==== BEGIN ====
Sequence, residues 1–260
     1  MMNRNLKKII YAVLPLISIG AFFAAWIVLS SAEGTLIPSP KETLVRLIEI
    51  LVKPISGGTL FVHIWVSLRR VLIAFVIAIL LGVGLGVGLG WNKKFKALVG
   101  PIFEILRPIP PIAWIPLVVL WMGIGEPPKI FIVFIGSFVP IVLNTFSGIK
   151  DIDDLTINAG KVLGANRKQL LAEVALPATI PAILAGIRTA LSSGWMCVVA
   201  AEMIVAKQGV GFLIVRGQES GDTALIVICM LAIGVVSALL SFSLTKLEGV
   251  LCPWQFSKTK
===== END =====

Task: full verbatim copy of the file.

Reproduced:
Sequence, residues 1–260
     1  MMNRNLKKII YAVLPLISIG AFFAAWIVLS SAEGTLIPSP KETLVRLIEI
    51  LVKPISGGTL FVHIWVSLRR VLIAFVIAIL LGVGLGVGLG WNKKFKALVG
   101  PIFEILRPIP PIAWIPLVVL WMGIGEPPKI FIVFIGSFVP IVLNTFSGIK
   151  DIDDLTINAG KVLGANRKQL LAEVALPATI PAILAGIRTA LSSGWMCVVA
   201  AEMIVAKQGV GFLIVRGQES GDTALIVICM LAIGVVSALL SFSLTKLEGV
   251  LCPWQFSKTK